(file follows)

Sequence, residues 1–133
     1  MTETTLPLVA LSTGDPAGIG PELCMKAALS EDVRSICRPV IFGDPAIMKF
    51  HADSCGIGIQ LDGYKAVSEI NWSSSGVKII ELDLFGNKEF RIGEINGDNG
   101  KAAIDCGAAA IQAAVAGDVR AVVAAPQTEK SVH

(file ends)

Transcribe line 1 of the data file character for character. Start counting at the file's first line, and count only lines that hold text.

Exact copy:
Sequence, residues 1–133